Compensation of Long-Term Memory Effects on GaN HEMT-Based Power Amplifiers
Barradas, F. M. B.
Nunes, L. C.
Cabral, P. M.
Pedro, J. C.
IEEE Transactions on Microwave Theory and Techniques Vol. 65, Nº 9, pp. 3379 - 3388, March, 2017.
ISSN (print): 0018-9480
Journal Impact Factor: 2,711 (in 2008)
Digital Object Identifier: 10.1109/TMTT.2017.2671368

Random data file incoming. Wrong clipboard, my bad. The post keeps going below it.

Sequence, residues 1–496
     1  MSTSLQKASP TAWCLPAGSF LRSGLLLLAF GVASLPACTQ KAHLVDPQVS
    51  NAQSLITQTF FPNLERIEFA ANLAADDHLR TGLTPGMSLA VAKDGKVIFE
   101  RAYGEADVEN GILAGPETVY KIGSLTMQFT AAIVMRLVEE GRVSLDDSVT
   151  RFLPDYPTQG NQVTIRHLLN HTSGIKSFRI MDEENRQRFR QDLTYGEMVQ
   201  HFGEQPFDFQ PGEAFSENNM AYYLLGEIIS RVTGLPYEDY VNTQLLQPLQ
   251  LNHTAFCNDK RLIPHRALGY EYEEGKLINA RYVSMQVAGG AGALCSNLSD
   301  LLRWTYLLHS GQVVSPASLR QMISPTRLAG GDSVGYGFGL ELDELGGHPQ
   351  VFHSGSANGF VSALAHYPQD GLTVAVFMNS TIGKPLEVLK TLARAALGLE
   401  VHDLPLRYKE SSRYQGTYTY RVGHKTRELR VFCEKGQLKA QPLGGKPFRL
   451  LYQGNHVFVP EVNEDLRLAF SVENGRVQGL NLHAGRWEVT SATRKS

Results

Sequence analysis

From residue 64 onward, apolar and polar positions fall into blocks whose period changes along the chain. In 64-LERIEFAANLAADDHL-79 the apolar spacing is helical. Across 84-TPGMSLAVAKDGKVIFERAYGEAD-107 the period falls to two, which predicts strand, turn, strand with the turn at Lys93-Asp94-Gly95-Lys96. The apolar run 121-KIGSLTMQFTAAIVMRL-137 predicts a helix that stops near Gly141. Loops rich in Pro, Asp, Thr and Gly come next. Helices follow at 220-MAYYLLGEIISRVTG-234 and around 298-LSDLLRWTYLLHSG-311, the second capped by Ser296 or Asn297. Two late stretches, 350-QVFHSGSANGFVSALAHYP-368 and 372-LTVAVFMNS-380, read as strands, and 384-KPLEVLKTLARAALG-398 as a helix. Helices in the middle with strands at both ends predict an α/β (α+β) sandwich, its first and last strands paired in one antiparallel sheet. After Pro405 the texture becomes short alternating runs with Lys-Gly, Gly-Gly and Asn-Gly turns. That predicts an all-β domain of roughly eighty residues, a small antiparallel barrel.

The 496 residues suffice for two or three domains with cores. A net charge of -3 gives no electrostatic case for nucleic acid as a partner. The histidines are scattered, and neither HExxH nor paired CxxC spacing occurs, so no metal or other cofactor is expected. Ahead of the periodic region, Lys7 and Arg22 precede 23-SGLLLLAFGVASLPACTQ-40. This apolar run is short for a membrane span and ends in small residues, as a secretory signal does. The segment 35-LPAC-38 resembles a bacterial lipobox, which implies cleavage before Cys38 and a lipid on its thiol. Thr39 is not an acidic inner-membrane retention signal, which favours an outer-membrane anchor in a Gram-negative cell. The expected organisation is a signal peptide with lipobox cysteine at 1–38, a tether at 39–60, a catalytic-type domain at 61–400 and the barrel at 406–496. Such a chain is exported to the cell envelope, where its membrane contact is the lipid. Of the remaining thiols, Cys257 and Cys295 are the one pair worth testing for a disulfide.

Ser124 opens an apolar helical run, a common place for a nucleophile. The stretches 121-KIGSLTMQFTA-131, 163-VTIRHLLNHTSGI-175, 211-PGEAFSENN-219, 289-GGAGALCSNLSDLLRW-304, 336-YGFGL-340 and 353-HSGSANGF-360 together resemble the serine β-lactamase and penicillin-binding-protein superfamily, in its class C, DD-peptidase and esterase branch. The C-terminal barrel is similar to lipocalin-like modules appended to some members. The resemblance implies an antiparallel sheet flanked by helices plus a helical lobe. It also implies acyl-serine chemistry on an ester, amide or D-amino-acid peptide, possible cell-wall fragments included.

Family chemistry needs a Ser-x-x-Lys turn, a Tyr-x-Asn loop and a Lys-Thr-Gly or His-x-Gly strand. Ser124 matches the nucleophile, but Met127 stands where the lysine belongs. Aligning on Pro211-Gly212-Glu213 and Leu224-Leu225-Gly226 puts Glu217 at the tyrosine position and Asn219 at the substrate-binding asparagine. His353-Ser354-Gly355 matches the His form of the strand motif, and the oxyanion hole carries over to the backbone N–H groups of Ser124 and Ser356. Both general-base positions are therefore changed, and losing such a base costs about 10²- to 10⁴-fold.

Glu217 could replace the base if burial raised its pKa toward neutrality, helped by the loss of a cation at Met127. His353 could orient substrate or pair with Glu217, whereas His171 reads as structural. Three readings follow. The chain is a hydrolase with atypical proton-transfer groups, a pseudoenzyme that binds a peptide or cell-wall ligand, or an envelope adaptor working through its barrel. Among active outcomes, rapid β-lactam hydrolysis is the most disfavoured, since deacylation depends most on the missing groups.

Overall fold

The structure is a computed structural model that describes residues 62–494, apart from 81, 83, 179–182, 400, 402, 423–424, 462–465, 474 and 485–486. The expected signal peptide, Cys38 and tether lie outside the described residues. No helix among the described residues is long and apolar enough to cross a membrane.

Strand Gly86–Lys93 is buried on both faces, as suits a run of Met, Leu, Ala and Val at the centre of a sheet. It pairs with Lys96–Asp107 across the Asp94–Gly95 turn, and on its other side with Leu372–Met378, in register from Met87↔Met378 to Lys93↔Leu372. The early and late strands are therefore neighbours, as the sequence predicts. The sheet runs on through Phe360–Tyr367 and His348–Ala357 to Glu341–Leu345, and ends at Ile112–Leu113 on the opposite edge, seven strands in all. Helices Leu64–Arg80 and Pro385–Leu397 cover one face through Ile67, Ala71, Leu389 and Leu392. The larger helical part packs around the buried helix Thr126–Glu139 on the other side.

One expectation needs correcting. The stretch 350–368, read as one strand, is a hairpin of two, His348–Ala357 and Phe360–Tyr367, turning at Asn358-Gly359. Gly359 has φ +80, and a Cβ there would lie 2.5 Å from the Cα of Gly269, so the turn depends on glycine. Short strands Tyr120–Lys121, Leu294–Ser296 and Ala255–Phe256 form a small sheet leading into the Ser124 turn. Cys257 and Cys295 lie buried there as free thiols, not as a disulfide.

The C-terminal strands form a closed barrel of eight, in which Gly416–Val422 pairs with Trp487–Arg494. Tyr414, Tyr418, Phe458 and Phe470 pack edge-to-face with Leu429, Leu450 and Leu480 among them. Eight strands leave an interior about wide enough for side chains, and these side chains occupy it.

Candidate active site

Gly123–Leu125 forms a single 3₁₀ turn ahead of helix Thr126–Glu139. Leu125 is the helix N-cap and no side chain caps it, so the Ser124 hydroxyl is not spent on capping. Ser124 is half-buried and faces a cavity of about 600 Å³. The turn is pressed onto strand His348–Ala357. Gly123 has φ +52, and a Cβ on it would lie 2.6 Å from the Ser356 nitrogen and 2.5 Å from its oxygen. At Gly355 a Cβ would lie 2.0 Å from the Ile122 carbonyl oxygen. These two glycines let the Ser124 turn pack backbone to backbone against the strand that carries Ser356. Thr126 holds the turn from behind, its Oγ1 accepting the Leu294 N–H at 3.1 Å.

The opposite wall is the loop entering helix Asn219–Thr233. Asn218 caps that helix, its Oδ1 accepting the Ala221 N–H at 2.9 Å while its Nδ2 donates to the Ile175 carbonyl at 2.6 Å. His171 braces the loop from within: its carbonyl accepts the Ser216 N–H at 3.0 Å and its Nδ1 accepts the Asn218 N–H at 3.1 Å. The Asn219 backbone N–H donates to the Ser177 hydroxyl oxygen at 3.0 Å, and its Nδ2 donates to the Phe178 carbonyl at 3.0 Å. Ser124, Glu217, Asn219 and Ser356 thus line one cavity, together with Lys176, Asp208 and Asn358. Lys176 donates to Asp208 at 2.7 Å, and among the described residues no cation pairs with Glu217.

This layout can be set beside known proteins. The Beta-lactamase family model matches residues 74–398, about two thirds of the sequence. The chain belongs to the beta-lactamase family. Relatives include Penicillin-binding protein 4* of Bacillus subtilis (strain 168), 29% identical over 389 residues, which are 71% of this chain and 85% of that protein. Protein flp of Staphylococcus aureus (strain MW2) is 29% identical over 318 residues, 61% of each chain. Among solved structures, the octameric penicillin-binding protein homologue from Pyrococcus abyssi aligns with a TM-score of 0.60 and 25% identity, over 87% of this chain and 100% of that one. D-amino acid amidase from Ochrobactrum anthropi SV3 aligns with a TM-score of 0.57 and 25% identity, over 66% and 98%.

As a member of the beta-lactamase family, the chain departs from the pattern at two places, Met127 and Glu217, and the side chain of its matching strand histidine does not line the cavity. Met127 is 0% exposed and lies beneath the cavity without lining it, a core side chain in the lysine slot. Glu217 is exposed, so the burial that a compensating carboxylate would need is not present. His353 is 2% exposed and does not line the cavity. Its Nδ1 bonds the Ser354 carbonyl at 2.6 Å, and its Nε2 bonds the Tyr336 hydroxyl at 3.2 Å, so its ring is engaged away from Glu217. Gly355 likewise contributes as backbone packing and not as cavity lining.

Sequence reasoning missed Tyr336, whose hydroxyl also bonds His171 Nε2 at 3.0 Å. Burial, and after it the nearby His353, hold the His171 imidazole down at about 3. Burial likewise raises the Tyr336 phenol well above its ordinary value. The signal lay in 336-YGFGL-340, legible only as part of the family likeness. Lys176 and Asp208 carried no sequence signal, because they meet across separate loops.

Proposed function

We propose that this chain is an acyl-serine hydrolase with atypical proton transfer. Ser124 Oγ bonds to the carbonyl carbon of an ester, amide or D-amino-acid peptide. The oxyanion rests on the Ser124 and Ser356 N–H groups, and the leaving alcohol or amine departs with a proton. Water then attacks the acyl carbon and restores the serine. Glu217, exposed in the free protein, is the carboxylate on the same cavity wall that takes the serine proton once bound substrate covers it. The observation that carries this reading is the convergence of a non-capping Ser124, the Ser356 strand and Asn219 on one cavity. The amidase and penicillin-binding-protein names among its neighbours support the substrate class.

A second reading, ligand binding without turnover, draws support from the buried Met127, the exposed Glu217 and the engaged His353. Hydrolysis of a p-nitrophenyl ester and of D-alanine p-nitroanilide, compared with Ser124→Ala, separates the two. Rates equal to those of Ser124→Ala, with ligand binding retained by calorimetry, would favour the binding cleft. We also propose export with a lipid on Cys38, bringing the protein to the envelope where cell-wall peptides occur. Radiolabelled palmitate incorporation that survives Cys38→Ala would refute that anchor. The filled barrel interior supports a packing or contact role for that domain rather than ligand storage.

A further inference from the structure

The long-term memory effects of gallium nitride (GaN) transistors have prevented its use in situations where the modulated envelope signal has a wide amplitude variation over time, such as in time division duplex systems. These long-term memory effects are generally attributed to electron trapping in GaN high electron-mobility transistors (HEMT), which have shown to be very difficult to compensate, especially in cellular base station transmitters known to be subjected to highly restrictive linearity specifications. On top of the electron trapping effects, we show that thermal effects can also induce long-term memory behaviors, which should also be accounted for when linearizing these devices. Because the conventional behavioral modeling approach has been incapable to compensate these long-term memory effects on GaN HEMT-based power amplifiers (PAs), we started by investigating the physical mechanisms responsible for these semiconductor impairments in GaN devices. This physics-based knowledge was then used to design new predistorter models that could effectively compensate those PAs subjected to GaN trapping and thermal effects. In this paper, we describe the new predistortion models for PA linearization, as well as the characterization methods used to determine their parameters. To validate the linearization effectiveness of the proposed model, several high power GaN-based PAs are tested with multicarrier GSM signals, and their linearization results are compared against other state-of-the-art models, evidencing a clear and significant improvement. In fact, to the authors' knowledge, the proposed approach is the first one to reduce the PA distortion effects due to GaN long-term memory effects to such low levels, allowing a comfortable compliance with the imposed linearity masks.